- Your eyes need to be out on the horizon or at least a good distance away from the helicopter. This will allow you to notice small movements.
- Slowly start raising the Collective until the helicopter begins to get light on its skids or wheels.
- Adjust the pedals to keep the nose pointing straight ahead.
- Adjust the Cyclic to prevent any drift or rolling motion of the helicopter. The Thrust from the Tail Rotor will try to push the helicopter to the left.
- Slightly increase the Collective to bring the helicopter off the ground and maintain heading with Pedals and Drift with Cyclic.
- Allow the helicopter to rise to approximately 5ft above the ground.
- Slightly reduce the Collective to stop the climb and maintain heading and drift.
Simple right!! For any of you that have tried to do this, you will know how hard it is! Teaching a student to hover is my favorite part of all the training!
So to move into forward flight…
- Apply slight forward pressure on the Cyclic and hold it there.
- There is a slight delay then the helicopter will begin to start moving forward. (This delay is the hard part to master!!!)
- Because some of that Vertical Lift is now being used to create Forward Thrust to move the helicopter forward, the Lift will be less than the helicopter’s weight, thus the helicopter will begin to descend.
- Slightly raise the Collective to maintain height.
- Because the Collective has been raised, more power has been demanded by the engine, it creates more Torque on the fuselage, therefore the pilot needs more left pedal to maintain heading. This also increases the Thrust produced by the Tail Rotor which will push the helicopter left.
- Maintain heading with the pedals and prevent drift with opposite Cyclic pressure.
- As the aircraft begins to accelerate to around 15-20kts the Main Rotor System goes through a process known as ‘Translational Lift’, in a nutshell, this improves the performance of the Main Rotor System and if the pilot does nothing, this performance increase will allow the aircraft to begin climbing.
- The climb portion should not start until the helicopter is around 40kts in most helicopters, so to stop this climb, the pilot must slightly lower the Collective to maintain height over the ground – 5ft.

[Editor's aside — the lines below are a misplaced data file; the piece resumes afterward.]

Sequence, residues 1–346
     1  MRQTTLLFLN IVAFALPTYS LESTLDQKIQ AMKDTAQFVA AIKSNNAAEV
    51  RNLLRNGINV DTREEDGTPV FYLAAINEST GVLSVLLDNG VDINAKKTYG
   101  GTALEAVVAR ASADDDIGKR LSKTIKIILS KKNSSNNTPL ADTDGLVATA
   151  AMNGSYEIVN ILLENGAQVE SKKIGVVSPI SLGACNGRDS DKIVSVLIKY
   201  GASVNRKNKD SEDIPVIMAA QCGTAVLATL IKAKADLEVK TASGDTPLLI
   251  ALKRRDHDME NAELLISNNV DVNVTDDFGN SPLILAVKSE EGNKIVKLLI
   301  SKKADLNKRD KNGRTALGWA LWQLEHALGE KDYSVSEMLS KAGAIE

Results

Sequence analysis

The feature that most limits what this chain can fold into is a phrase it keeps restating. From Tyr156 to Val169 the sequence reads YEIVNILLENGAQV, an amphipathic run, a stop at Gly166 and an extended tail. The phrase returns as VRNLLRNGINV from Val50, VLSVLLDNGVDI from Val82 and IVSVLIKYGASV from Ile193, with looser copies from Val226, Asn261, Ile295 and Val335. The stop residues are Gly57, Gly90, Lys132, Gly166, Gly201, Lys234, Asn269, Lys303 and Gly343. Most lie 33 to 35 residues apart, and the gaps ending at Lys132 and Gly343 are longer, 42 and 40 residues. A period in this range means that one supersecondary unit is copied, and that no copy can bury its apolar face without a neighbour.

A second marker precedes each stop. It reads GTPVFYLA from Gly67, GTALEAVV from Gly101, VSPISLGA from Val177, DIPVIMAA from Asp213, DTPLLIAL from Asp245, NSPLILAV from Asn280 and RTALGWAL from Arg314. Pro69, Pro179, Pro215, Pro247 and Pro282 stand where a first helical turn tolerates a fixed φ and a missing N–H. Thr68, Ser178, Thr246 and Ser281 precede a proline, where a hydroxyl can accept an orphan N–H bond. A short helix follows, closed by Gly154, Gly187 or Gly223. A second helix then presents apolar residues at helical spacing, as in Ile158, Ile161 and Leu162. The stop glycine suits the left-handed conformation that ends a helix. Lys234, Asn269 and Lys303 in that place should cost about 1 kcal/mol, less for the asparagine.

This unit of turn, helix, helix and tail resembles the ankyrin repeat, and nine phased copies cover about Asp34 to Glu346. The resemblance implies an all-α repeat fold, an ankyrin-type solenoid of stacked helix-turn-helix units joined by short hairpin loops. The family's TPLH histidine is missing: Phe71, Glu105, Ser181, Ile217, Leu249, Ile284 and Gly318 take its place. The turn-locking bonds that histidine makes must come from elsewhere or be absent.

- Now the Collective is lowered, less power is required, less Torque is being produced so less left pedal is required and less right Cyclic is required to prevent the drift created by the Tail Rotor Thrust.
- As the helicopter reaches 40kts the pilot can begin to raise the Collective to Climb Power and continue to apply forward pressure on the Cyclic to gain airspeed until they reach their optimum climb speed for their particular helicopter.
- More power required means more torque on the fuselage, thus more left pedal is required to maintain heading.
- More forward speed moves more of the vertical Lift vector away from vertical therefore even more power is required to maintain the climb, which also means more left pedal and more right Cyclic to maintain the flight path with no drift.
And just like that you have lifted into a hover and flown away! Easy right?! For my student’s sake, I wish it was!
Factors That Work Against Holding A Stable Hover
Mastering the hover is not just about manipulating each control at the right time and in the right amount, that would be too easy! To help make hovering even more of a challenge there are several other factors that get thrown into the mix:
Mother Nature can really be a cruel lady, at least that is what it can feel like when you are first learning to hover. When the wind is blowing or worse, gusting, your attempts at keeping the machine stable are an endless battle. The wind will push the helicopter, make it climb, make it descend, or try to weathercock you to face in another direction. All while trying to get the hang of those controls.
This was how I learned to hover! When I first learned to fly in the UK it was ALWAYS windy, that’s what it seemed like anyways! But once you master hovering in wind and learning to smoothly maneuver the helicopter in wind then flying in calm conditions is simple! No matter what, the wind is going to play a factor at some points during a student’s training and it will make them sweat and curse and laugh. I think this is why it feels like such an accomplishment once they get the hang of hovering.
A pendulum is a weighted object that swings from side to side from a pivot point above it. The pendulum effect is what can make the helicopter seem to get out of control very quickly because a helicopter hangs under its main rotor system and this makes the helicopter act like a pendulum. This is even more pronounced in helicopters with only two Main Rotor Blades, hinged in the middle like a Teeter-Totter.
When a student pilot is trying to hover the helicopter will be swinging around like the pendulum. When the helicopter swings one way, the student will place in an opposing control movement and the helicopter will then swing back, but a little further usually because the student put in too much of a control input to correct the swing.